Residents of South Africa's biggest city are brand conscious and rarely need much persuasion to try something new - so many were up for tasting their first cup of coffee from Starbucks when the US giant opened its doors in Johannesburg this week.
Long queues formed outside the cafe in Rosebank, an upmarket part of the city, braving the uncharacteristically chilly April weather.
Johannesburg - which boasts a healthy black middle class with a bit more disposable income - is as good a place as any in Africa to test out a luxury brand.
It is the first Starbucks in sub-Saharan Africa and the launch party on Wednesday night was attended by many city socialites.
Those who waited outside, some overnight, for the public opening the next day took selfies which they posted on social media - and #StarbuckSA trended on Twitter for most of Thursday.
Cousins Tsholo Moncho and Keabetswe Kgantisoe, who live in Boksburg about 30km (18 miles) away, made the trip just for the opening.
"I had my first Starbucks on holiday in England and I'm so happy that they've come here it's about time," says 18-year-old Ms Kgantisoe.
Ms Moncho said she had never tried a Starbucks before and was full of anticipation.
"Keabetswe dragged me here and I can't wait to try it. I really wanted to be one of the first people to have a taste," the 28-year-old says.
But some on social media did not get what the excitement was about, saying they preferred other chains or complaining about the blandness of global brands.
Stand-up comic Mark Palmer tried to put it into perspective by making a wry comparison with the long queues for South Africa's first democratic elections in 1994 after the end of apartheid.
Nonetheless, South Africans seem to lap up American consumer culture.
Starbucks joins Walmart, Burger King, Krispy Kreme, Dominos Pizza - who are hoping to strike it lucky too like McDonalds and KFC which have been here for many years and are well loved.
'Vibrant and growing'
Taste Holdings, Starbucks' South African franchise partner, also responsible for bringing in Domino Pizza, is optimistic about the market.
"The South African coffee market is vibrant and growing. With a growing consumption rate, this is a great opportunity to reach new customers," says the company's Fareed Mohammed.
And South Africans do seem to love their caffeine fix - a coffee culture that has changed dramatically over recent years.
They do not mind paying a bit more for a good cup of coffee and coffee shops are now a common sight in most cities.
This might seem strange in a country of vast contrasts - where poverty, extreme mineral wealth and a growing middle glass intermingle.
But Starbucks seems to have positioned itself competitively with local established brands like Mugg n Bean and Nescafe.
A cup of coffee costs around $2 (£1.40) at all three outlets.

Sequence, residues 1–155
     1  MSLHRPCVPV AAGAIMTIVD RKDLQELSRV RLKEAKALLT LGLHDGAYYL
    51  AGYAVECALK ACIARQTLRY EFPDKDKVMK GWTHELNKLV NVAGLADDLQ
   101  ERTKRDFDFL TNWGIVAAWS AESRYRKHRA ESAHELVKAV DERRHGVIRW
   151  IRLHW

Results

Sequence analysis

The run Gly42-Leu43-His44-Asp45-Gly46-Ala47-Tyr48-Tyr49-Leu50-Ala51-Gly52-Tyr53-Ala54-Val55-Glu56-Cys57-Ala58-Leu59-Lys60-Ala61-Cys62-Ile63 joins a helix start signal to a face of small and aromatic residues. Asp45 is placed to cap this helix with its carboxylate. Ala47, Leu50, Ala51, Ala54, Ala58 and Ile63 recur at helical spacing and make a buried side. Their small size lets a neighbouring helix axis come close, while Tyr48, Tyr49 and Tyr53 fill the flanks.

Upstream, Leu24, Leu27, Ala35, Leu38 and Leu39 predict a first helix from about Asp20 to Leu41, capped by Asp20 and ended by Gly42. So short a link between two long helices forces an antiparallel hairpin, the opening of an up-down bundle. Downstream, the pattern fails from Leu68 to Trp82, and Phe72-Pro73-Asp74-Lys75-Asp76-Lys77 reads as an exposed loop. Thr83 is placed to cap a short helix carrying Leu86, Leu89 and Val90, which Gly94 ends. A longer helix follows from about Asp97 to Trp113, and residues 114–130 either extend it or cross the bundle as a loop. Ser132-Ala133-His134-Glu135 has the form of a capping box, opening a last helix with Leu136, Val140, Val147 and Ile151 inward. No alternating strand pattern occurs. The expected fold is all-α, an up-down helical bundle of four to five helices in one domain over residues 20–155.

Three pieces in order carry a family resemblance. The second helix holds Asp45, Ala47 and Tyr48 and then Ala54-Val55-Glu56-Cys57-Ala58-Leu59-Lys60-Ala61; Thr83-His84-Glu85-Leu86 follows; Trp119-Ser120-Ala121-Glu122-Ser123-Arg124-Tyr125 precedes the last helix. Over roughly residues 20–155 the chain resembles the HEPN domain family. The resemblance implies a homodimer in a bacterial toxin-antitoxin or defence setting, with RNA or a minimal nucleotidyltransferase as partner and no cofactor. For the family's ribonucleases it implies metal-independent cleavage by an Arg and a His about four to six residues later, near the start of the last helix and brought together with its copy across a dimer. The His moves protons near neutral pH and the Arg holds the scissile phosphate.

Starbucks plans to open 15 more stores in South Africa over the next two years.
It already sources a considerable amount of its coffee from farms in Africa and has franchises in North Africa - but has no other plans of expanding outlets into the rest of the continent.
Financial analyst Celeste Fauconnier says investors come to South Africa because "it has the easiest business environment to work in and has better infrastructure than some countries".
South Africa is happy to welcome companies that can help tackle unemployment, because in spite of being the continent's most industrialised nation - 25% of people are jobless.
"With the two stores openings we have created a number of opportunities not only by employing  baristas but also by using local contractors and through our supply chain," Mr Mohammed tells me.
But some are worried that a second "gold rush" in South Africa by global corporations, and even China, could hamper the country's recovery from decades of white minority rule.
So how can local industries be protected while opening up to world markets?
"The retail sector here is still largely informal so there is no threat that it will be overtaken by the companies looking to establish businesses here," says Ms Fauconnier.
"Big retailers coming in will however put pressure on entrepreneurs but Africans are known for being enterprising and will find ways around any challenges posed by the new competition."
One of the biggest challenges for small South African businesses is funding, in spite of some government schemes.
Banks are largely risk averse when it comes to start-ups and some argue big international firms with capital may have an unfair advantage.
But as Starbucks is not cheaper than the local competition, it will still have to work to win a place in the hearts of South Africans.
And with their developing taste for the finer things in life, they are happy to be wooed. Anyone for a Frappuccino?